It might because it has one of those drop-down staircases, or because I can’t stand up there, but I hate going into the attic. Of course, it might also be because the place is a total mess of half-done flooring covered by dozens of boxes with no rhyme or reason as to their organization.
Perhaps because she also dislikes it for similar reasons, my wife usually asks me to bring this or that up and take this or that down. I grumble and complain, but usually oblige. The evening in question was no different. We had just gotten back from a road trip with the kids and she wanted the suitcases back up there. After the job was completed and I was getting ready to descend, I heard a strange noise coming from the bathroom just below where I’d been moving things around. My wife, who was at the bottom of the attic stairs, right next to the bathroom, looked inside and started freaking out, screaming something about, “there’s water pouring through the ceiling!!!”
I climbed down the stairs as fast as I could and quickly looked into the bathroom as I passed it on my way to shut off the main water valve. When I did, the water immediately stopped. Unfortunately, that wasn’t before it started pouring through the next level of the house, finding passage through one of our smoke detectors and setting it off. So now we had water everywhere, the smoke alarm sounding, the phone ringing (it was the alarm company), the kids freaking out, and my wife getting ready to evacuate the three of them to our neighbors.
After being told by my wife about 15 times on her way out that I had to call the plumber (I said “okay” each time), I did so. As anyone who knows house construction better than me can expect, he commented, “This doesn’t make sense. There are no water pipes in the attic.”
“Well, I don’t know what to tell you. I was in the attic doing stuff, the next thing I know there’s water pouring through the bathroom ceiling right below it.”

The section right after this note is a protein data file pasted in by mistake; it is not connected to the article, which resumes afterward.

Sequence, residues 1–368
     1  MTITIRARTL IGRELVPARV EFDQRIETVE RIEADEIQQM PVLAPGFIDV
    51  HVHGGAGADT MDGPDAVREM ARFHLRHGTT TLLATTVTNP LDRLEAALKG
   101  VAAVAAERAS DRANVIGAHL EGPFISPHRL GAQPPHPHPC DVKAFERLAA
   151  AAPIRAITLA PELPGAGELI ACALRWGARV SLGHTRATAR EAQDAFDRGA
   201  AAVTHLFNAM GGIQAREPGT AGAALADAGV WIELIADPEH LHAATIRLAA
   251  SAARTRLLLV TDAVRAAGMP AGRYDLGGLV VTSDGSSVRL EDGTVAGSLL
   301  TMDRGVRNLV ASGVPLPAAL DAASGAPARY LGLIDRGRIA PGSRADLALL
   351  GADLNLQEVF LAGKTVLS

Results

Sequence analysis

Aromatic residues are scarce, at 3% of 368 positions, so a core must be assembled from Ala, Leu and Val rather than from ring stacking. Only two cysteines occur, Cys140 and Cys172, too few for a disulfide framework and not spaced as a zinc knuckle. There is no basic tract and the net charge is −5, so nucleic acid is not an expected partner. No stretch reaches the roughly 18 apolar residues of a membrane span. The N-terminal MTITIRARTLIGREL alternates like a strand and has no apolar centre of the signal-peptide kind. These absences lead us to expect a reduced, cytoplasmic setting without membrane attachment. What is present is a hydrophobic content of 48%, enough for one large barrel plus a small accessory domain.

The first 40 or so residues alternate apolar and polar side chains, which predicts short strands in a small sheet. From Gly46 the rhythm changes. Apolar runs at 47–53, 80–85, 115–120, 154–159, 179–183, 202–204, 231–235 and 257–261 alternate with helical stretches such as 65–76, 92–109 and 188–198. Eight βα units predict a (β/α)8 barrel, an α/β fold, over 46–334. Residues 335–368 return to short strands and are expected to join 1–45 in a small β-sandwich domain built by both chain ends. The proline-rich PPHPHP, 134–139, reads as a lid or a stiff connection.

“Anthony,” he said getting frustrated. “This doesn’t make sense. The only pipes up there would be vent pipes to remove condensation from the bathrooms. They wouldn’t have enough water in them to do what you describe.”
“Mike. I don’t know what to tell you. I have a problem. Are you going to help me fix it or not?”
“Listen,” he said. “Before I come over there and charge you a lot of money, get your wife or a friend to help you, and do this: one of you turn the water back on to the house while the other one stands in the bathroom and looks for where it’s coming from. Then call me back.”
I called my neighbor Bill — to whose house my wife and children had fled. (We are good friends with them.) I positioned Bill in the bathroom and went down to turn the water on. As I did, I could hear him yelling something.
“Turn it off?” I asked.
“Yeah. Turn it off!” he yelled back.
I ran upstairs to see Bill coming out of the bathroom, a little wet and laughing hysterically.
“What. You got soaked?” I asked, assuming that was the reason for his good humor.
“A little, but what’s funnier is the water wasn’t coming through the ceiling,” he chuckled.
“What? What are you talking about?” I asked.
“Look behind your toilet,” he said.
I took a few steps across the wet tile and peered behind the toilet.
“Your pipe to the toilet disconnected,” he said, still laughing. “When it disconnected from the bowl, it was pointing up towards the ceiling.”
“Oh my God,” I said.
So when my wife had quickly looked into the bathroom, what she (and I) saw was water coming down from the ceiling, after it had first shot up.
“You should be thrilled,” Bill said. “This 12-inch piece of flexible pipe is a $4 fix.”
While trilled, and relieved beyond words, I did feel like a total moron. The next call, of course, would be to Mike, the plumber. As I related the story to Mike, he said he was happy it was resolved, though I think he found the situation much less amusing than we did. I had annoyed him repeatedly at around 9 PM and there was nothing billable that came from it.
After the incident, I thought how my powers of reasoning, my very senses, had failed me; how the premise that there are no coincidences sometimes takes us far from the truth. Though I swore that my moving around in the attic right before water rained down from it was cause and effect, that was totally incorrect. One had nothing to do with the other, as Mike had suspected.
This dynamic highlights how it is impossible to remedy a problem if our base assumptions are wrong. And for this reason, if we are struggling to make sense of things or find resolution, we need to go back the beginning and question them, even if it means asking whether we actually experienced what we thought we did. Because no matter how deeply you believe the water is coming from the attic, it simply isn’t if there are no pipes up there.